Friday 13 October 2017

The Sun Doesn't Always Shine on Sunday Morning TV

The Sun

(The UK Press Gazette has the background to the story here).

The Sun piece originally claimed that Ofcom found that programmes like The Andrew Marr Show and The Sunday Politics have problems with balance when it comes to guest selection. The BBC says that Ofcom never said any such thing. And now the Sun seems to have acknowledged that (on the sly, so to speak):

Here's the 'Before'...

....and here's the 'After':


(Warning: This next sentence may contain sarcasm.)

The BBC, of course, never carries out 'stealth edits' to any of its online articles to cover up mistakes or embarrassments. 


Rob Burley, AM editor. Not impressed.

But what of the Sun's original claims of anti-Brexit guest selection? 

The Sun's analysis found that The Andrew Marr Show has had 129 Remainers since last year’s referendum, compared with just 33 Leavers (84.6% compared to 15.4%) while The Sunday Politics had 78 Remainers compared to 37 Leavers (73.3% compared to 26.7%). 

Those are striking disparities. 

The first thing that puzzled me about those figures and percentages, however, is that they don't match. (Has anyone else spotted that? Or am I missing something?). Surely the AM percentages are actually 79.6% compared to 20.4%? And surely the SP percentages are actually 67.8% compare to 32.2%?

Still, the differences are clearly huge. Are they significant though? 

The BBC's defence is that the figures are spurious. (Andrew Marr called them 'fake news'). They issued a statement saying, "Not considering a Cabinet Minister or even the Prime Minister to be accountable for delivering the Government’s stated policy of Brexit is bizarre, especially when the Sun is willing to count Benedict Cumberbatch who talked about his acting career" and that “Nor was every politician interviewed asked about Brexit.”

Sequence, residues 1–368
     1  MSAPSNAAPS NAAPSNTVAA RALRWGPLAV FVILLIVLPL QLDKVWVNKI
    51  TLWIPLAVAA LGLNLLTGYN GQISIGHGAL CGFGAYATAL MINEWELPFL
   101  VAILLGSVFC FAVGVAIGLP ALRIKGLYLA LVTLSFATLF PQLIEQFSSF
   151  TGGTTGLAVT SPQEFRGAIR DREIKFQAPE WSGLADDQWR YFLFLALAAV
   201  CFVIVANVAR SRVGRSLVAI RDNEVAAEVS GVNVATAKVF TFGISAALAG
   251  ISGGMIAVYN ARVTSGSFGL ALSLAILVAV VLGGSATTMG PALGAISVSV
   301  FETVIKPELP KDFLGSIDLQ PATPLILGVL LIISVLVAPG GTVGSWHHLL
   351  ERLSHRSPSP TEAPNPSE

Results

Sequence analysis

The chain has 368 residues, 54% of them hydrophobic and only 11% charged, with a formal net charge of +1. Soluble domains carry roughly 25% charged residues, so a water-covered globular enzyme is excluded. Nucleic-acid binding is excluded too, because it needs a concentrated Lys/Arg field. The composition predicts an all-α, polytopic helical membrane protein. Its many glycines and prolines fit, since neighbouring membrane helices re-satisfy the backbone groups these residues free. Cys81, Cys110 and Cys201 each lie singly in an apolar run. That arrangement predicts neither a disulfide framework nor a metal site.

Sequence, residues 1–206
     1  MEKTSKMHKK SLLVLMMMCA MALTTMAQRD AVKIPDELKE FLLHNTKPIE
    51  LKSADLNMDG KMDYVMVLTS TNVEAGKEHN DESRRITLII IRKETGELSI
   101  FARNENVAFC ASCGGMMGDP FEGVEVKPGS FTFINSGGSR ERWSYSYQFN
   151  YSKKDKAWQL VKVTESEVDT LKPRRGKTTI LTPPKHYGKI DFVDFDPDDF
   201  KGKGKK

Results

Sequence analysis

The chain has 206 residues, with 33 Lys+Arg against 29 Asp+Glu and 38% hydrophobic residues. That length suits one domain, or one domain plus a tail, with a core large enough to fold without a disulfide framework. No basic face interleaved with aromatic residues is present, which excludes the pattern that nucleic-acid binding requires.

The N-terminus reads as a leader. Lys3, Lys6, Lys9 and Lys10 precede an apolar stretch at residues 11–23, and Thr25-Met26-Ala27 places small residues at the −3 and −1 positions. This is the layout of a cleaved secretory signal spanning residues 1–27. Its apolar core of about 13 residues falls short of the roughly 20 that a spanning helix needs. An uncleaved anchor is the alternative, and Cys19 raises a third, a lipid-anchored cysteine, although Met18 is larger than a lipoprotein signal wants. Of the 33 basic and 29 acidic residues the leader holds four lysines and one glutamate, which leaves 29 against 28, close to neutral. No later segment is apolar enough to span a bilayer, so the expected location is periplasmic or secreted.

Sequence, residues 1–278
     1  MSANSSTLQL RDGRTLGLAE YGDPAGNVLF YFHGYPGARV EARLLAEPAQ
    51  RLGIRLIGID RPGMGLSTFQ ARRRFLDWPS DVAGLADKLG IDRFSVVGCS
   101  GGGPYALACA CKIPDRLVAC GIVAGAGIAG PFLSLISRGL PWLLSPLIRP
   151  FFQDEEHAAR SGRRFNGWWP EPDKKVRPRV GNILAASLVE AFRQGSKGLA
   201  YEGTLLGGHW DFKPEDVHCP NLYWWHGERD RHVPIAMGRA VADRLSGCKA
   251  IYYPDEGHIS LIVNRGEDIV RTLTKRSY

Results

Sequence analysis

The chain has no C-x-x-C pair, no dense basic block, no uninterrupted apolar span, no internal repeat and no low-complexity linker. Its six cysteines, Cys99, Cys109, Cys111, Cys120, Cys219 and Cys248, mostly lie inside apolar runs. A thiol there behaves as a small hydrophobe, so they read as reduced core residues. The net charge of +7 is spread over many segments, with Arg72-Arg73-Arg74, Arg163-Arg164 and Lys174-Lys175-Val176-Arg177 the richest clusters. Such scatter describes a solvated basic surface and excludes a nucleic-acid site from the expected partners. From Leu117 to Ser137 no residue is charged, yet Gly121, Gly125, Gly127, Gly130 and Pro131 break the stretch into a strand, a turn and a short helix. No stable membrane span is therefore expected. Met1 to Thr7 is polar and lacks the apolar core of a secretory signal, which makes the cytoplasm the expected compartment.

Of course, any robust set of figures would have to only include interviews/press reviews where Brexit was raised. Did the Sun confine its analysis to just those interviews, or did they include every interview regardless of what was discussed? If they didn't narrow it down then they are guilty of giving us merely impressionistic findings rather than concrete ones, and the BBC has a point. I can't find the Sun's lists anywhere to check. (If you can, please let me know). 

Did the Sun include all those Remain-voting ministers who are now pushing for Brexit in their Remain figures? Where, for example, did they put Mrs May? Or Liz Truss? That was the BBC's first point and it is where things get tricky for such statistical studies post-referendum. Again, it would be interesting to see their lists. 

On the  Benedict Cumberbatch question, his inclusion would surely be relevant if and only if he was asked about/talked about Brexit as a known Remain supporter. The BBC says he only talked about his acting career during the Marr interview. Did he? Re-watching the interview today shows that the BBC is correct. Brexit never came up, so Benedict Cumberbatch should never have been included in the Sun's study. 

So yes, however much of a truth the Sun's analysis may point to its flaws appear fatal enough to me to render it pretty much dead in the water. You have to be fair-minded, ultra-precise and systematically show your workings for such a survey to hold water. (Not that the BBC's furious reaction suggests that they didn't take it seriously - or at least as a serious threat to their reputation!)


P.S. The more I think about this and discuss it with others, and the more I see on Twitter about it, the more this half-baked Sun survey maddens me (in my usual mild way. Think of me as being like Droopy in that respect).

The BBC are correct about this one. The Sun's methodology was so sloppy and lacking in transparency that they've gifted the BBC an easy goal.

And, boy, from what I've seen on Twitter the BBC are certainly milking it!

Blogs like this one and sites like News-watch have made much of 'numbers' to demonstrate BBC bias - 'numbers' offered to their readers with total transparency, clear and (hopefully) watertight methodologies, a spirit of fairness and precision. When high-profile bunglers come along and botch their 'studies' then, alas, it risks giving the BBC all the justification in the world to slag off 'number-crunching' and 'clock-watching' - and I strongly suspect the BBC will be citing this rubbishy Sun 'study' for years to come. 

1 comment:

  1. The Sun should use you as their consultant. :) You'd nail them good 'n' proper...whoops,I mean show them how to undertake an unbiased and impartial study.


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